‘Sophisticated operation’ behind opium importing

By Terrapinzflyer · Sep 18, 2009 · ·
  1. Terrapinzflyer
    ‘Sophisticated operation’ behind opium importing

    The seizure of an opium shipment destined for Port Moody will have a “significant impact” on opium distribution in the Lower Mainland and across the country, police say.

    Port Moody Police Const. Bill Kim said the bust was the largest seizure in the city’s history.

    On Aug. 27, the PMPD was informed by the Canadian Border Services Agency (CBSA) that a bulk quantity of opium was being shipped to a PoMo address from Istanbul, Turkey.

    PMPD investigators from the major crime section, together with other municipal and federal agencies, initiated an extensive integrated operation that led to a PoMo man’s arrest on Saturday, Sept. 5. Officers seized about 11.5 pounds (5.3 kg) of opium, which carries a street value of approximately $500,000.

    Kim couldn’t say how many people that amount of drugs could potentially be distributed to but noted that CBSA figures show that opium has suddenly become a much more popular drug in Canada.

    “In the Pacific region in 2008, there were 133 kg [293 pounds] of opium seized, compared to 10 kg [22 pounds] in 2007,” he said, which means the recent seizure represents about 5% of last year’s take. “So that is quite significant.”

    Kim would not reveal how the drugs were shipped from Turkey, only saying that it was a “sophisticated operation” and the drugs were likely intended for distribution in Greater Vancouver.

    Azad Yousefi, 35, was arrested in Burnaby without incident and is charged with possession for the purpose of trafficking and unlawfully importing a controlled substance.

    By Sarah Payne - The Tri-City News
    Published: September 17, 2009 2:00 PM
    Updated: September 17, 2009 2:35 PM


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  1. Terrapinzflyer
    Record amount of opium sent in the mail from Turkey

    METRO VANCOUVER - Port Moody Police have broken up an international drug ring after seizing a record amount of opium secreted in a large suitcase sent from Turkey.

    So far, one man is facing charges of possession for the purpose of trafficking and unlawfully importing a controlled substance after being arrested in Burnaby Sept. 5

    Thirty-year-old Port Moody resident Azad Yousefi was not known to police until he was linked to the opium that clandestinely entered Canada through the mail Aug. 27.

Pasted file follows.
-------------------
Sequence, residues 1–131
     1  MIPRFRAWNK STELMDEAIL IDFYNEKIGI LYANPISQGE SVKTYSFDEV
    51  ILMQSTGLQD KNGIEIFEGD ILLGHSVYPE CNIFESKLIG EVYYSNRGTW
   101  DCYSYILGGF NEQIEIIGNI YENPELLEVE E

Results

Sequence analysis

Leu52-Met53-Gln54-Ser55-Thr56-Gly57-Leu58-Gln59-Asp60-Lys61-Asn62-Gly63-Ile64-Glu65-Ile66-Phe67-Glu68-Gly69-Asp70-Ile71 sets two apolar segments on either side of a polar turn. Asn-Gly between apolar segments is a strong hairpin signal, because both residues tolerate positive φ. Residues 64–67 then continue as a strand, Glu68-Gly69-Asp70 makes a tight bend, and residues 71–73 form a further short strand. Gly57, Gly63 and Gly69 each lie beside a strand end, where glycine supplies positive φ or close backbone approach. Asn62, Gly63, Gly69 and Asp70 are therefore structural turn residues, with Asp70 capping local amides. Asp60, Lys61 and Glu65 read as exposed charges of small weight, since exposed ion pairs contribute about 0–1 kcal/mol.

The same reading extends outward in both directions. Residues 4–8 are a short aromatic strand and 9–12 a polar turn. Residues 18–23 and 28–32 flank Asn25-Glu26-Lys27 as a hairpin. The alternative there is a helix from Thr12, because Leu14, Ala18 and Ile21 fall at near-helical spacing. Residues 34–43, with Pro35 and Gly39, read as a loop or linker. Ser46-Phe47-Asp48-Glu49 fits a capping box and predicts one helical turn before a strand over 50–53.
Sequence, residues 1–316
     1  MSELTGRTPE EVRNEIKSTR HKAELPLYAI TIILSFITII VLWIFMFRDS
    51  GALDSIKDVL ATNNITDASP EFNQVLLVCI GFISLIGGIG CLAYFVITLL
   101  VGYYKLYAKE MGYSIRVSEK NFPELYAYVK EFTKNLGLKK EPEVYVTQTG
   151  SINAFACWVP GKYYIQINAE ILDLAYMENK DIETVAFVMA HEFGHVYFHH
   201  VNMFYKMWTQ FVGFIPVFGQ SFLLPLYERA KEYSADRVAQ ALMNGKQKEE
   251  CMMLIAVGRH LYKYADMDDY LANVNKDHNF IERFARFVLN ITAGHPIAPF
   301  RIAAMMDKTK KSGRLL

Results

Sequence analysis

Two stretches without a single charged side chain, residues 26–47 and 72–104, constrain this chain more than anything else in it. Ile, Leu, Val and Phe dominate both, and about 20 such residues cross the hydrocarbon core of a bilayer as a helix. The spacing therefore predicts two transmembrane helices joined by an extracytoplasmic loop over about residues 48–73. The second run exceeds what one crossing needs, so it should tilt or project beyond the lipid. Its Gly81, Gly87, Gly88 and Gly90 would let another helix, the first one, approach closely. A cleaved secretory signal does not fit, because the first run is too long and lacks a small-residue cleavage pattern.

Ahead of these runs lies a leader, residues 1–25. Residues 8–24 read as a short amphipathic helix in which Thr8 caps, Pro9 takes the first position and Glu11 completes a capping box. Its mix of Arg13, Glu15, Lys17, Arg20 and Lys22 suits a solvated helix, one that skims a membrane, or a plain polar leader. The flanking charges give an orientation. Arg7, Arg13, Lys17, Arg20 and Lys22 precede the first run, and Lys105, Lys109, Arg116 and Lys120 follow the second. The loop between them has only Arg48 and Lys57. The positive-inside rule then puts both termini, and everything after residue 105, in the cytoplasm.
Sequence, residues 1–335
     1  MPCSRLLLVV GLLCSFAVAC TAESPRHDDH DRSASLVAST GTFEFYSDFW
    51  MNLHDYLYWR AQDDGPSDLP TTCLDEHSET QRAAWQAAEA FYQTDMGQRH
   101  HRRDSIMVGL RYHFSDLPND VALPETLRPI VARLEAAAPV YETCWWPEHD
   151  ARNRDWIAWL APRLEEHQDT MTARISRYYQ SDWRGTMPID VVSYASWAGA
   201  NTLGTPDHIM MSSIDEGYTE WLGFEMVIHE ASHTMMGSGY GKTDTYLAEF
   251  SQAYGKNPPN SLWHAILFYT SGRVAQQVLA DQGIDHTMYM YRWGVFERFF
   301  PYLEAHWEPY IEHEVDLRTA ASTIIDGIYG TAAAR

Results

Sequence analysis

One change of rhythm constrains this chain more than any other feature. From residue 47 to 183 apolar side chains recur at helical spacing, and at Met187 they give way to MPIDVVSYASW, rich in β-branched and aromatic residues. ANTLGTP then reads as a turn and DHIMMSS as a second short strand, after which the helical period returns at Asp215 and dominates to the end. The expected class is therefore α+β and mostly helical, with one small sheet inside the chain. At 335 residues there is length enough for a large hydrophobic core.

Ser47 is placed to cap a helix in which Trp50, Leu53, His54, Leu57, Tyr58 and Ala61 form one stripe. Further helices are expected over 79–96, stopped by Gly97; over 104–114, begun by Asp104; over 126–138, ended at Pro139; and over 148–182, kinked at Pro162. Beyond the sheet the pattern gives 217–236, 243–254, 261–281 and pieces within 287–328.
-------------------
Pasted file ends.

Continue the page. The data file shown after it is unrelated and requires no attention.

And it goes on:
Port Moody Police Insp. Andy Richards said Thursday more charges are expected.

    “He was not arrested alone. We anticipate the possibility of more charges both locally and potentially even internationally,” Richards said. “Obviously the size of the seizure and the level of sophistication speak to being part of an organized group or entity of some kind.”

    Richards said several agencies aided Port Moody with the investigation, including the Canada Border Services Agency, which originally discovered the opium, New Westminster Police, the RCMP and Vancouver Police

    It began when the package arrived at a mail centre in Montreal, destined for Port Moody.

    CBSA found 5.267 kilos of “a brown organic matter was hidden in the lining of a suitcase,” CBSA official Mike Hryciuk said.

    The declaration tag said the package contained “personal effects” only.

    CBSA contacted B.C. law enforcement agencies and the Port Moody police took the lead.

    “It is an excellent example of inter-provincial and inter-agency cooperation,” Hryciuk said.

    While investigators wouldn’t release many details about their probe since the case is now before the courts, it appears they allowed the package to reach its destination so they could track the suspects.

    Richards said up to 35 officers worked intensively over a 10-day period leading up to the arrests.

    “It is a very compelling case,” Richards said.

    “As you can appreciate (the opium) was very professionally secreted within the suitcase so somebody solely possessing that suitcase - without further evidence - it would be a legal stretch to lay a charge based solely on that. So I am suggesting that we have a lot more compelling evidence that led to the charge.”

    The opium is believed to be worth about $500,000 at the street level.

    Police say opium is not one of the more common drugs they encounter, but the CBSA is seeing more and more opium coming into the country.

    Hryciuk said seizures of opium were up to 132 kilos in 2008 from just 10 kilos in 2007, in the Pacific region alone. He said part of the increase could be attributed to improved technology for searches and better intelligence about how it is hidden.

    The most recent shipment was wrapped in carbon paper to disguise it from the X-ray machine, Hryciuk said.

    Solicitor-General Kash Heed praised the efforts that led to the seizure and charges.

    “It is an impressive accomplishment and testament to the effectiveness of collaboration between agencies to target crime and the drug economy,” Heed said.


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